Rio: Communicating with your team-mates

Manchester United legend, Rio Ferdinand, on how to get the best out of the team around you

Whether it's shouting encouragment, calling for the ball or organising the defence at a set-piece, every team needs a chatterbox.

A breakdown in commnunication leads to a collapse out on the pitch - that's why Manchester United defender Rio Ferdinand spends 90 minutes chewing his team-mates' ears off.

More after the break

"I keep talking all through the game. Even if I'm talking rubbish - and often I am! - I keep going. It helps to keep you and your fellow defenders on your toes," he told FFT.

In this video Ferdinand reveals the secrets to communicating effectively with your team-mates.

As part of Nike’s The Chance initiative, a global search for young football talent, Rio has been helping to toughen up the four UK finalists ahead of The Chance world finals to be held in London, January 19-22. 100 players from around the world will take part in the finals and eight will be selected to play for the Nike Academy full time from next season.

Rio enlisted the help of James Milner, Ashley Cole and Aaron Lennon to help ‘mentor’ the four UK hopefuls. To follow their progress visit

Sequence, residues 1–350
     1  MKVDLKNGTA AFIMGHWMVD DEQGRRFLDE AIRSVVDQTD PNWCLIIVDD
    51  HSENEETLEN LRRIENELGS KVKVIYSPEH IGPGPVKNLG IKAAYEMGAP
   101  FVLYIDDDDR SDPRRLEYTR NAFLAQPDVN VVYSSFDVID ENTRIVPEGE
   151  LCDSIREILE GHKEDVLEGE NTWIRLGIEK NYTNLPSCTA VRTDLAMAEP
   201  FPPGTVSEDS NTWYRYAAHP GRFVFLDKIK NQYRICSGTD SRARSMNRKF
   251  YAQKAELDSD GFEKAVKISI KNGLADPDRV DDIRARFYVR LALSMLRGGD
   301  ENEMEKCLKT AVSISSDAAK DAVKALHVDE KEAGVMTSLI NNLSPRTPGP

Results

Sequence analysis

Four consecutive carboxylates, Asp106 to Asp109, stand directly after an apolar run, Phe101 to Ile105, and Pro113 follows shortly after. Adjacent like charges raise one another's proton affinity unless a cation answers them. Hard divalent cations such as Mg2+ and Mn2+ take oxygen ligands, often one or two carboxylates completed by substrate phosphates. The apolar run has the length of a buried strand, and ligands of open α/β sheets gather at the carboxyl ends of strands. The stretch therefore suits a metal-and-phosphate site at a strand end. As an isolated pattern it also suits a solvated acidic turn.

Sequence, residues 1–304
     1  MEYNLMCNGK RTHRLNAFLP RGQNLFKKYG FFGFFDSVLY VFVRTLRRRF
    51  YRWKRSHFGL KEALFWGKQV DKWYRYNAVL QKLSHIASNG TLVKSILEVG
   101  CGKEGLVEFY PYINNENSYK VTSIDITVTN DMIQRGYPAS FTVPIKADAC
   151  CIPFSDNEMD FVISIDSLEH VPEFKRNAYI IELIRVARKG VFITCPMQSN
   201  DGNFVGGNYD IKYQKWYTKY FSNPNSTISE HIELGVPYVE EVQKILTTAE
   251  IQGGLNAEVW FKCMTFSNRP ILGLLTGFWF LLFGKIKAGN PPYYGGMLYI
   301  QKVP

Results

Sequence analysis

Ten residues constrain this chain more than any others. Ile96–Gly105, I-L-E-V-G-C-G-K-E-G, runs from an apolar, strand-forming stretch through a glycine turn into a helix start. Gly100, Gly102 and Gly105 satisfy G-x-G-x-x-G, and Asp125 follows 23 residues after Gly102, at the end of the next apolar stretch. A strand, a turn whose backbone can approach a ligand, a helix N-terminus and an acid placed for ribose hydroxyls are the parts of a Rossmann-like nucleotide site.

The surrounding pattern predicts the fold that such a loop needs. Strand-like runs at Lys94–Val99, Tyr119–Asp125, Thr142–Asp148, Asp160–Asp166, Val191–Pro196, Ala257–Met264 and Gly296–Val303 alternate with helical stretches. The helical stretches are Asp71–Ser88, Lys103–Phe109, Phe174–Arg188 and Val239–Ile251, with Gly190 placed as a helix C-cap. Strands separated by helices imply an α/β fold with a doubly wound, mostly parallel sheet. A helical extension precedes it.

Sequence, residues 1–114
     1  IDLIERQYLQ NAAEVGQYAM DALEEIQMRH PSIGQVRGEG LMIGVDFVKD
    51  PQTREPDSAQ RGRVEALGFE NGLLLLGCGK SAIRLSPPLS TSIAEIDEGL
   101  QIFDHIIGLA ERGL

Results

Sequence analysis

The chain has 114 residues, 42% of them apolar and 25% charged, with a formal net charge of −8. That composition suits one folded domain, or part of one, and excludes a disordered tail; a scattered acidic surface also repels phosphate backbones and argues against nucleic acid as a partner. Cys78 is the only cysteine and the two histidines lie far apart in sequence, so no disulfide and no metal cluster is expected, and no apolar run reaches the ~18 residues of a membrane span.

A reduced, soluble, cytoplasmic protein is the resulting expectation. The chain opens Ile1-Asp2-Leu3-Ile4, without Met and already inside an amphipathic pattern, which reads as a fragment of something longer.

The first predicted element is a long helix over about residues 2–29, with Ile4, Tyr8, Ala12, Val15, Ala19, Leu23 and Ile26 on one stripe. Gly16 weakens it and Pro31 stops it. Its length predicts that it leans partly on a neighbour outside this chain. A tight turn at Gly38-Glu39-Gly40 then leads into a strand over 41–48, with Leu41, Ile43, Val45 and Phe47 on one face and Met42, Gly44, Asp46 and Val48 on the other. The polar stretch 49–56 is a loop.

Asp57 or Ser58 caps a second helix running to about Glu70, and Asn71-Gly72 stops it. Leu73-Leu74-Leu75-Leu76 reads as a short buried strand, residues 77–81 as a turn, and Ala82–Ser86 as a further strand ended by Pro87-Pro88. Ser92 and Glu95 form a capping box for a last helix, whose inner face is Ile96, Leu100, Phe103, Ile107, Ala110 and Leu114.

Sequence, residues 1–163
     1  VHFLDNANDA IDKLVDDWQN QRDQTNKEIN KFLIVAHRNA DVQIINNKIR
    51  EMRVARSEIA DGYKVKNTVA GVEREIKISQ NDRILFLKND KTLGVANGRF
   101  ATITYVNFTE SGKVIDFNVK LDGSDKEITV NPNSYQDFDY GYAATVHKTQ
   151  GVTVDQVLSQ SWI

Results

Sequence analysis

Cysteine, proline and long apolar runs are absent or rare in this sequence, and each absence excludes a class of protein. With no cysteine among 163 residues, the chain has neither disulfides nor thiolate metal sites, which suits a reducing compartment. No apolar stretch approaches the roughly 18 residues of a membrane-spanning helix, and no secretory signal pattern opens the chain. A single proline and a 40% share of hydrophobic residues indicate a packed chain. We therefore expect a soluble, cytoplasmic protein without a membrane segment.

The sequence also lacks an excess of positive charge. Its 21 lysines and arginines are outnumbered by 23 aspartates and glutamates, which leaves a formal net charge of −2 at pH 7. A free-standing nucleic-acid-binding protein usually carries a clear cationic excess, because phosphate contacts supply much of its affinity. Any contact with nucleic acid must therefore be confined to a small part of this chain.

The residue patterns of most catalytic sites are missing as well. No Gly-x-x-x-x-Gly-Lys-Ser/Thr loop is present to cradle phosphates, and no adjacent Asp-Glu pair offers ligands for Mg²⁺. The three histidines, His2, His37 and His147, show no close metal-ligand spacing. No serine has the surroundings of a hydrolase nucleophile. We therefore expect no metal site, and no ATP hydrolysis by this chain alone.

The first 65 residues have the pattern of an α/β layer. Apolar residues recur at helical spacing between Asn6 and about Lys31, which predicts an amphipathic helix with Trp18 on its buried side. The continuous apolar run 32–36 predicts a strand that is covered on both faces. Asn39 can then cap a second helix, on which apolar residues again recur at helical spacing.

Also see:
Rise above the attack
Tricky or tall, it’s no problem
Rio: The thinking man's guide to defending
Rio: Handling different types of striker
Rio: Playing out from the back
Rio: My pre-match playlist
Rio: When to hit row Z

"I think it's about encouragement; that's the way I lead, is through encouragement and through the way you play. I think sometimes I do shout, often there's right times at someone, to get into someone.

I think a lot of players respond better nowadays from encouragement. If someone makes a mistake, "You're all right. Don't worry about it. Get on with the next move or whatever."

I think it's good to pull people about. I think if there's a ball going to come into the forward, it's easier sometimes if you can shuffle the midfielder across to stop him passing the ball, stop that channel to be passed into.

Or if the ball's on the other side of the pitch, make sure your full-back's alongside, so you just shout him, "Com in. Get in a little bit, because the ball out isn't going to hurt us."

If there's a player spare in the box, you start shouting, "Who's got him? Who's on him? Who's marking him?" If they've taken the short corner, you know you've got designated player to go out and to go out there for that short corner. If one of them doesn't do it, then you're asking the question, "Why aren't you out there?""

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